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Since the historic agreement reached at Kyoto in 1997, Australia has begun implementing a comprehensive and ambitious program of domestic action to address climate change.
We are now directing almost A$1 billion to tackling climate change. We have established the world's first national office devoted to tackling greenhouse. We have a program of voluntary cooperation with industry which now includes almost all of our major emitters. We have contracted a carbon broker to direct private resources into enhancing our sequestration through revegetation. We have before our parliament a bill to increase the amount of electricity generated through renewable energy, to take the overall percentage to over 12% of generation. Importantly, we are devoting resources to assisting our Pacific neighbours in assessing and adapting to climate change.
Our package of measures is aimed to encourage businesses and consumers to reduce emissions. Last week the government launched a process to consider market-based incentives for business to undertake substantial early abatement action which would continue to have effect during the commitment period. This is a significant step that could see us drawing down a percentage of our Kyoto target to reward early and ongoing abatement. Further, we have created the Greenhouse Gas Abatement Program, a competitive bidding process for government assistance to reduce emissions, which promises to help us move towards a less carbon intense economy.
Australia has taken the Kyoto outcome seriously. We have acted in good faith to embark upon the task required to meet our commitments. But we must ensure that the rules agreed here faithfully implement the balance carefully struck at Kyoto.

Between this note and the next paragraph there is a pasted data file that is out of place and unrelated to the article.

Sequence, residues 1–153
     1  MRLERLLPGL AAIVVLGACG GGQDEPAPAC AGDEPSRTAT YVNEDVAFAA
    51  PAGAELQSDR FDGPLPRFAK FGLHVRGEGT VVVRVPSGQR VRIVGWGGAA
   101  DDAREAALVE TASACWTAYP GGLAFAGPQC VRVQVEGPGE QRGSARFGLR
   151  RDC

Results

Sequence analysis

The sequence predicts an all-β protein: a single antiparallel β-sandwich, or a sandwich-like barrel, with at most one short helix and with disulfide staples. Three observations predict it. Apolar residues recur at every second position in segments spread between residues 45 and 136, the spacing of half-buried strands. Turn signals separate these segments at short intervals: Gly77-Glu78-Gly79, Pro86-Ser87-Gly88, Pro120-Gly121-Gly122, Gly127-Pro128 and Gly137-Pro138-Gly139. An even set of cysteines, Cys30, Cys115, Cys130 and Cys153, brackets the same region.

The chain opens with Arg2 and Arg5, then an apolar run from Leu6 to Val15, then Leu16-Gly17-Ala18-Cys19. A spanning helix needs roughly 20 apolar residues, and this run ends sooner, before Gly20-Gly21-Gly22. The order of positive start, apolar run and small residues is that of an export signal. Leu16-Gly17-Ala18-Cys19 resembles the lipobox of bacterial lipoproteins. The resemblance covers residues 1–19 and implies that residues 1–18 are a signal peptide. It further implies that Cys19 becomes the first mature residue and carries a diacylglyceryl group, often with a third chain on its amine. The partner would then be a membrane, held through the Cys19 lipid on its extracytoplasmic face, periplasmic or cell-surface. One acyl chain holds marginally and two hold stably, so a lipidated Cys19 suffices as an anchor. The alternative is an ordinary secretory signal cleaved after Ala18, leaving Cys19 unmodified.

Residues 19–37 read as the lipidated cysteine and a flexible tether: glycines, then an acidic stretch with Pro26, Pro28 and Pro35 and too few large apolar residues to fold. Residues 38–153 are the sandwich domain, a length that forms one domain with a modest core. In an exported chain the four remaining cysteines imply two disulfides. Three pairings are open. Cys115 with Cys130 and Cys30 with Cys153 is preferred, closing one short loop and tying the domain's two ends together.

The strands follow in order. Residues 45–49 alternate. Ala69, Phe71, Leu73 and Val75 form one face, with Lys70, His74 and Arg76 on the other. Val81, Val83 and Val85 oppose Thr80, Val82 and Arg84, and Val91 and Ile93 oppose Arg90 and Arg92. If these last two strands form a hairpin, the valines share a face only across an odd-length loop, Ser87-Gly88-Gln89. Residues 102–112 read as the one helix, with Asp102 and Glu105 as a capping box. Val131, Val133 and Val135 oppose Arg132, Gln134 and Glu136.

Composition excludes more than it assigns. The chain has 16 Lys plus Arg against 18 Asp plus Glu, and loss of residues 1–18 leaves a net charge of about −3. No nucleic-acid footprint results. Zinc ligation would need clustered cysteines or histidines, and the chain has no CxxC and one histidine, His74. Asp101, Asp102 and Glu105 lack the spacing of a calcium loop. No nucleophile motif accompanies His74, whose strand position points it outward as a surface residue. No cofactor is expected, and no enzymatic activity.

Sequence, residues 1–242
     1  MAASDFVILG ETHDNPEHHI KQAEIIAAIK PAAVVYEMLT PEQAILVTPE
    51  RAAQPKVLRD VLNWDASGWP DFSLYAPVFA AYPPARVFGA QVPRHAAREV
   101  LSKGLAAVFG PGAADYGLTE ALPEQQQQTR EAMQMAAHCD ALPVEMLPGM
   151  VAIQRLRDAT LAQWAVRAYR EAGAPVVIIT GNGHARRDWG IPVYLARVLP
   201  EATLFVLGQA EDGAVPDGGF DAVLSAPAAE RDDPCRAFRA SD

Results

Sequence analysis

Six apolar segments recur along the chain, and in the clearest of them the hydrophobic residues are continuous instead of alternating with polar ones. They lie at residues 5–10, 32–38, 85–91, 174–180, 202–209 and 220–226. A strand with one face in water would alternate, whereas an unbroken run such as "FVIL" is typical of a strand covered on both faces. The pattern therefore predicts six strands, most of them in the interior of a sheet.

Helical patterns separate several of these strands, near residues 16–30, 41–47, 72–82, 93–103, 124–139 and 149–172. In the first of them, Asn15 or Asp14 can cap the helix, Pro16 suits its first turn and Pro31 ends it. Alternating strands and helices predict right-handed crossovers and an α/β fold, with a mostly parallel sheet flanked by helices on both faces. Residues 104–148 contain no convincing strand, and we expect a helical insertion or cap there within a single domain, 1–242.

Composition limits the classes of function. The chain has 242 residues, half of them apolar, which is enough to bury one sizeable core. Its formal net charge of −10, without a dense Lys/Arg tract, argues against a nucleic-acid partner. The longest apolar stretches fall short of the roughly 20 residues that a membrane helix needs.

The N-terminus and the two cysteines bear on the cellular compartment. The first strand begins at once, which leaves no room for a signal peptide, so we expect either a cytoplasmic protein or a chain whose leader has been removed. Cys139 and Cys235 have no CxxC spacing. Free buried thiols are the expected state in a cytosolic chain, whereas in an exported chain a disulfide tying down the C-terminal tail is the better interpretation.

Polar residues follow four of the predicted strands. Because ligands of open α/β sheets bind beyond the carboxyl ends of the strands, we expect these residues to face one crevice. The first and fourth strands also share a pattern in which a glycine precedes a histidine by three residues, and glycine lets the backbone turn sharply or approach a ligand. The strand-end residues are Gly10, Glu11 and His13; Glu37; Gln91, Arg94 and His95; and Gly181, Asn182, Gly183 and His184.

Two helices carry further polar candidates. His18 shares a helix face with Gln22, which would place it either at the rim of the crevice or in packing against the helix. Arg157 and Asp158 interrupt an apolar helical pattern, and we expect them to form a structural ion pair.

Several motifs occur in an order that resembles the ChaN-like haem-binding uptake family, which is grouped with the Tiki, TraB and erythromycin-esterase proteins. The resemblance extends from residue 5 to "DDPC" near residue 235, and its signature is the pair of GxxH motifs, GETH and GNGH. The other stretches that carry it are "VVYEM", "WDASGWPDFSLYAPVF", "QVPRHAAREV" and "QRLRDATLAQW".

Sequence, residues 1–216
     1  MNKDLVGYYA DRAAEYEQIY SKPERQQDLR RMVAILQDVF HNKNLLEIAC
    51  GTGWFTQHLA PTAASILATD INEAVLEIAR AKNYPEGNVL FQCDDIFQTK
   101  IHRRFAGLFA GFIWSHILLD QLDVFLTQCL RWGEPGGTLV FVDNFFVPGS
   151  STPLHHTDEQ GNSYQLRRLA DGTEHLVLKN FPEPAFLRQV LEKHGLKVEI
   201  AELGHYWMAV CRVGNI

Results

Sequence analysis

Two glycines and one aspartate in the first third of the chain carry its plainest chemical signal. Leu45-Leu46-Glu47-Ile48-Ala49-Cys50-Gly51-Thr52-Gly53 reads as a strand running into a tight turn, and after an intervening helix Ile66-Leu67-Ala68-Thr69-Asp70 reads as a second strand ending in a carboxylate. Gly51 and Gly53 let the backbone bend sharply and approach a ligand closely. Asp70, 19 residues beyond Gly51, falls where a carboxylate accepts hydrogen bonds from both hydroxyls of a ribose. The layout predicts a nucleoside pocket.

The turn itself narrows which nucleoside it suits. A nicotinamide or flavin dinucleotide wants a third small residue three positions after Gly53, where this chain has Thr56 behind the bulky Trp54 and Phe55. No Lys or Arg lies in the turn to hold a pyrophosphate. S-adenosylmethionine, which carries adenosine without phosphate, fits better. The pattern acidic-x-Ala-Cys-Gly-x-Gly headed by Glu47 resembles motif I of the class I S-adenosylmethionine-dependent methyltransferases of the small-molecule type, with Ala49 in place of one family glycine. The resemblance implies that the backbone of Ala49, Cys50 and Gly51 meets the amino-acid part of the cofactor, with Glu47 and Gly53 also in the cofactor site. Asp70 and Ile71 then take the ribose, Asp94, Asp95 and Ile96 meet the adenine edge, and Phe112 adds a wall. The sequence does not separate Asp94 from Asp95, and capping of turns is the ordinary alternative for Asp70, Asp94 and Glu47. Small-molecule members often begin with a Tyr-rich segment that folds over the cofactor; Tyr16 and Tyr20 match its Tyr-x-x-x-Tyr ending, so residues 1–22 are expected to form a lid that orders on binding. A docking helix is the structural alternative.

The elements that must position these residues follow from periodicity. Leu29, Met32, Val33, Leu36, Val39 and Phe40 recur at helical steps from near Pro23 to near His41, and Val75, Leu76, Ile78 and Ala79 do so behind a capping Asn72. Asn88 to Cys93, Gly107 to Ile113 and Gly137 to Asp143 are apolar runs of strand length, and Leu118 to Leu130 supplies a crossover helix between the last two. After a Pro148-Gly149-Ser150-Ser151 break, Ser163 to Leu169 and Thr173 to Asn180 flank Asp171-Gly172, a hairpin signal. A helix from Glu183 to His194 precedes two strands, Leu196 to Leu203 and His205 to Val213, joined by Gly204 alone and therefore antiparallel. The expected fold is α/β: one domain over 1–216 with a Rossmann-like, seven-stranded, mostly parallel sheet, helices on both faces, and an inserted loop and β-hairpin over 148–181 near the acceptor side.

In Australia, we have now reached the level beyond which our domestic response cannot pass without further decisions internationally. Domestically, people are finding it increasingly difficult to understand why, having heard the views of the scientists, and why, having reached agreement at Kyoto, uncertainty remains at the international level.
Australia needs progress on four issues to move forward to ratification. We need flexibility mechanisms that create an efficient market that can achieve low cost outcomes. The rules should not constrain the market so that it would fail to achieve its promise. Secondly, we should seize the opportunity to realise the multiple environmental and economic advantages that sinks can confer, within a framework that ensures a simultaneous focus upon the reduction of emissions. Sinks reduce atmospheric concentrations of carbon, and their potential should be recognized. On compliance, our point of departure should be that countries will wish to comply, and should be assisted in every way to comply. For Australia, the path to ratification will also need to recognize that climate change is a problem whose solution is beyond the means of the developed countries alone. We need to chart a means to include all countries in the task of limiting emissions.
We have come to The Hague to engage in serious negotiations to achieve a substantial outcome that will represent an important step along the path to implementing the Kyoto Protocol. We look forward to achieving this.